Care for the young and old

Care for the young and old
A woman who grew up in a small rural area and devoted her life to the community speaks about her life and her own personal challenges.

A woman who grew up in a small rural area and devoted her life to the community speaks about her life and her own personal challenges.

Mary McGowan grew up right at the edge of Donegal Bay in the small village of Mullinasole in the fifties.

Mary recalls the early days of life in Mullinasole, “Our house had been in the family since the early 1800’s and really was just a small thatched cottage overlooking the bay but it was Heaven.

“Mullinasole was quite well populated with families in those days and every morning about 20 of us would head off together to the old Laghey School. It used to take us an hour there and back or longer if we stopped to rob a few orchards.

“The school itself was just a one roomed building with two teachers and over 100 pupils - there was a curtain down the middle of the room to split up the varying age groups.”

Speaking about Mullinasole in those early days, Mary said, “As a village it was very self sufficient - we had a small farm with hens, eggs, potatoes and a few pigs - we killed one every year for the big occasions.

“It was a very closely knit community with the door always on the latch. People would “ramble” from house to house and if you were ever short of anything you could always pop next door.

“The grocery van would come once a week and we could all get our basic groceries and trade the eggs from our own farm - for your main shopping, Bridgetown was the place to go. Donegal town was like a visit to Dublin in the present day context.”

Continuing she said, “The family moved to Bridgetown when I was 10 and to be honest, even though it was just four miles away, it was like a whole new world.

“You have to remember we came from a single storey thatched cottage and the house in Bridgetown was a large four bedroomed, two storey house. We all sat up on the first night bawling our eyes out until eventually my father lost it saying that “if we didn’t shut up he would put the house ‘in the bush’ and we could all go home to Mullinasole!

“After my time in Laghey where I got a truly great education from Master Egan I was off to the big town of Donegal to the Four Master’s High School, known locally as Cleary’s and operated by ‘Dick’ Cleary.

“Straight after my Leaving Cert I was offered a position with the Blood Transfusion Board, something I had always wanted to do, but my parents were against it and I wasn’t allowed do it.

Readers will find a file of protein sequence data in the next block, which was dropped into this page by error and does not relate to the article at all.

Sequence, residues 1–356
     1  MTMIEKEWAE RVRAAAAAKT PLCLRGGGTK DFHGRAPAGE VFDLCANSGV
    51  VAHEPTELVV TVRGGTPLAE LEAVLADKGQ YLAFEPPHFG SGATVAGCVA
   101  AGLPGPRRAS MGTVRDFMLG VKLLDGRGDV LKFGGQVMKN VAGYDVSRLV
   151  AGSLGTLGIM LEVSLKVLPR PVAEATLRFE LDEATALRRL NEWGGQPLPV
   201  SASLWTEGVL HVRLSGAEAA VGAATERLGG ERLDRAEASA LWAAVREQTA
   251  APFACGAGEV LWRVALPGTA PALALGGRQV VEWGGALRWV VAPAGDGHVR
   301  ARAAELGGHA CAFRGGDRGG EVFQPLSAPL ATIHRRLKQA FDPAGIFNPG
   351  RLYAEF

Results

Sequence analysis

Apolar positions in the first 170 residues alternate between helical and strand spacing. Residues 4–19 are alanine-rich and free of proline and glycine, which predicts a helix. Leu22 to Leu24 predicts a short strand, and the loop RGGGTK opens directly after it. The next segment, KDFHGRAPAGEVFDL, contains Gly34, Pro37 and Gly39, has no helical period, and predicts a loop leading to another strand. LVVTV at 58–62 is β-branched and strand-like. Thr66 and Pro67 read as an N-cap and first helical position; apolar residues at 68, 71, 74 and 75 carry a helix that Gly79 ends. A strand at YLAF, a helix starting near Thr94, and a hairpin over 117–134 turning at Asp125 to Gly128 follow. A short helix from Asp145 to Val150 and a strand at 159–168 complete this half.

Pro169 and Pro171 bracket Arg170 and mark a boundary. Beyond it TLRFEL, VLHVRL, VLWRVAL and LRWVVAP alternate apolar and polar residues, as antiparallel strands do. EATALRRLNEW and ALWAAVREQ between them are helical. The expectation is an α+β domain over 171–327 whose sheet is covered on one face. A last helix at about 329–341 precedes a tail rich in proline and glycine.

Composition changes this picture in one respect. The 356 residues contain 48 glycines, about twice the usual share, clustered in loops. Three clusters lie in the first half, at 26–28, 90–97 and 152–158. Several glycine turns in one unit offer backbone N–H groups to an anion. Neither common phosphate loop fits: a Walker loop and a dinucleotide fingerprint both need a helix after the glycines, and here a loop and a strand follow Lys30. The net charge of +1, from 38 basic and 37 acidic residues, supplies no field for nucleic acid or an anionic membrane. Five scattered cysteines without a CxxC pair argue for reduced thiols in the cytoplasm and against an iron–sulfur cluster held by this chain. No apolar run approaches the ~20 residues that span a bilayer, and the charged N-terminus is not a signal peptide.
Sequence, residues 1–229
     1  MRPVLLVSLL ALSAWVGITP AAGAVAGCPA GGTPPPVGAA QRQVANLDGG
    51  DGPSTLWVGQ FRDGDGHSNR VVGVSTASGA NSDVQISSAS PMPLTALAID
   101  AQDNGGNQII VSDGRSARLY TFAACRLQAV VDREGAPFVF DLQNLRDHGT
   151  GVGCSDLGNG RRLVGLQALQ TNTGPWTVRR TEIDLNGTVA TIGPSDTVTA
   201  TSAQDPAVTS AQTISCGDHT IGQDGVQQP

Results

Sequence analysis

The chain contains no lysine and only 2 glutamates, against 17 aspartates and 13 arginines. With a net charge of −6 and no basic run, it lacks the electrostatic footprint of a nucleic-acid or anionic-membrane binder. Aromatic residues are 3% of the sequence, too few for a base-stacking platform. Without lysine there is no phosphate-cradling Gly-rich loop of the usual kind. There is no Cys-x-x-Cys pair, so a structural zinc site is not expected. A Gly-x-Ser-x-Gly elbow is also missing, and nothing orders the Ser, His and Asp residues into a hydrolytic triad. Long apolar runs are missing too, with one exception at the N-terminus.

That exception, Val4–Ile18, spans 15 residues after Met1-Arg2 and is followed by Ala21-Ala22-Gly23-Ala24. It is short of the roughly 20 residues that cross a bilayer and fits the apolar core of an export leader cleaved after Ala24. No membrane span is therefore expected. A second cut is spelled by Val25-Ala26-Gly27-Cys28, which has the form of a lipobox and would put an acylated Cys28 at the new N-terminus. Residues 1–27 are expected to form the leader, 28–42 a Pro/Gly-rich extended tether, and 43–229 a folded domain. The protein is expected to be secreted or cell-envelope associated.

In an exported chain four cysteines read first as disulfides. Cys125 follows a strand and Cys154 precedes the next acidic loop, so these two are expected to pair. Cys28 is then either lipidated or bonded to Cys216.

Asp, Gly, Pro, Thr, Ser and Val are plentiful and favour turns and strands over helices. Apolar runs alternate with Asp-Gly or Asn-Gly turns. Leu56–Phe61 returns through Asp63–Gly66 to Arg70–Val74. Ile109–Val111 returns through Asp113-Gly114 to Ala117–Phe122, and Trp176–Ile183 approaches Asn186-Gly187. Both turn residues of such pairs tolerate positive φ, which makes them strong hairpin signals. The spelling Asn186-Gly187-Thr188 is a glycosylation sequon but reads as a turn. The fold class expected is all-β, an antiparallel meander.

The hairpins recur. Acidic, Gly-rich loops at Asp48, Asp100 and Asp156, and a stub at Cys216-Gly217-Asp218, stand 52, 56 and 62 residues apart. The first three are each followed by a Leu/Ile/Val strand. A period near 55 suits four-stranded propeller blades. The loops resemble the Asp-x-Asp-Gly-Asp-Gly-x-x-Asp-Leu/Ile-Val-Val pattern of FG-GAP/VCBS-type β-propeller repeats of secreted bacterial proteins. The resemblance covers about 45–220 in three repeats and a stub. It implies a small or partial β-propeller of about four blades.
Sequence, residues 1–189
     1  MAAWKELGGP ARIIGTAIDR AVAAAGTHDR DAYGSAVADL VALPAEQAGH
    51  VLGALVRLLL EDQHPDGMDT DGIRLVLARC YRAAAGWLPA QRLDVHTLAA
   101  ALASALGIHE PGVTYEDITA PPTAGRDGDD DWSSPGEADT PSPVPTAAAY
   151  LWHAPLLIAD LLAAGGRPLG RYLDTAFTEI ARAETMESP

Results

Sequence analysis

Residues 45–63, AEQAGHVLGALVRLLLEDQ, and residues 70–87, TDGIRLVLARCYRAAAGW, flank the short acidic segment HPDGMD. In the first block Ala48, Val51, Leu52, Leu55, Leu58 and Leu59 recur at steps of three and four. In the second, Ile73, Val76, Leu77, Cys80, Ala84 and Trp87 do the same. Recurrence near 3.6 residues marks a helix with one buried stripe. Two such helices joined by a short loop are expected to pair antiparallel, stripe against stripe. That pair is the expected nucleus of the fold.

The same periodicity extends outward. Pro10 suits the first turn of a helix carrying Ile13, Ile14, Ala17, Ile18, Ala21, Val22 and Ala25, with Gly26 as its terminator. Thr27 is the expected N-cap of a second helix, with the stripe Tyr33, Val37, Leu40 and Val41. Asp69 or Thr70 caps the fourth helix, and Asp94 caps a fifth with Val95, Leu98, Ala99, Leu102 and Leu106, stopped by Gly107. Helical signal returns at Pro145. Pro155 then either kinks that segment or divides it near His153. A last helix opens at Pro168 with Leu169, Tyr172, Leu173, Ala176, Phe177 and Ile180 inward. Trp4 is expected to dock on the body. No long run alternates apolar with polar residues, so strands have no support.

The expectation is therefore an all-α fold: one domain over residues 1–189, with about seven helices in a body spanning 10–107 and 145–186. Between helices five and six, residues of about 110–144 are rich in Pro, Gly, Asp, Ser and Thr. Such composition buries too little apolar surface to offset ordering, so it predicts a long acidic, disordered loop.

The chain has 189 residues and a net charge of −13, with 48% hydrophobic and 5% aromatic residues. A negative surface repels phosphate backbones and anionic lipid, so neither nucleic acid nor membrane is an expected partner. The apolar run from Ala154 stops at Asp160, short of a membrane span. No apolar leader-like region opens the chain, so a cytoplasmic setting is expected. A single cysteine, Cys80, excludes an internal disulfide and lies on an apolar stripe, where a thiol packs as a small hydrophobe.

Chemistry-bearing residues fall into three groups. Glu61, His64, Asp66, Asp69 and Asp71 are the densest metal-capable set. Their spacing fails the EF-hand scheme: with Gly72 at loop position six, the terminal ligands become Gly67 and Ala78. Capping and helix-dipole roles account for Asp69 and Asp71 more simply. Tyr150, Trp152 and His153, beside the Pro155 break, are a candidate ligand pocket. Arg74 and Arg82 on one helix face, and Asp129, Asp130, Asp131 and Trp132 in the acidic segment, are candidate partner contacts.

“It’s funny how one decision can impact your life - if I had gone to Dublin, I never would have met my husband and probably would never have come back and settled in Donegal.”

Mary had her first taste of the educational services when she was subbing in various parts of the county and even though it was not her original choice as a career, she knew that it was her calling as soon as she started.

“I met my husband Eddie (McGowan) when I was teaching over in Meenaglass outside Ballybofey.

“I was living in there and had a scooter as my only means of transport - people might laugh now but back then the only people to have cars were the priest, doctor, bank manager, and the likes - it was a rare commodity.

“Eddie and I got married when I was only 22 and I continued working in education until the family started to grow. He preferred this side of “the Gap” and we decided to move back to Donegal Town before the children started school.

Once in Donegal, Mary became very involved in the local community and became involved in the St. John Bosco Athletic Club along with the legendary Mickey Cooney, Bert O’Neill and Tom Conaghan. “These were men way ahead of their time who had vision. They provided all types of activities for the youth of the town and the environs when there wasn’t much else around for the teenagers,” she said.

The Mullinasole native became immersed in the community in the mid-seventies, took out a Diploma in Social Action in UCG, set up pre-school playgroups and became a marriage counsellor.

She was approached by the HSE to set up the first community playgroup, a role which evolved into her becoming the Area Manager for the North West which still exists to this very day.

Tragedy struck at Christmas 1993 when Mary’s husband passed away, leaving a family of nine behind.

“Christmas was always a very joyful occasion in our house, the excitement of Santa, the presents and most importantly, the family being together. Eddie would have wanted us to keep that tradition and we did. Santa came to all the young ones and we all celebrated as much as we could. Of course it was very sad but we did our best.

“This is where the strength of community really came to the fore - the local hotels were on the phone offering to do all the cooking, the neighbours arrived with all the baking - cakes, plum puddings and even at the wake, the local shop and all the neighbours just supplied everything. For months afterwards that support was never but a phonecall away.”

Mary returned to her work soon afterwards - “I had a family to rear and I just had to occupy myself - it was my way of coping.”

She immersed herself both in family and in work and became involved with Lifestart, an educational programme for parents of young children, developed cross border programmes in childcare and went on to take an honours degree in Community Studies.

As if all that as not enough, she is involved with the Donegal South Forum and also on the board of the Governing body of the Institute of Technology in Sligo as well as maintaining her links with the ETB (VEC), Family Resource Centre and the John Bosco Club.

Though Mary has officially retired, she is not sitting back watching day time television. “All this activity keeps me going and I suppose the day I retire is the day that they’ll be putting me into the grave.”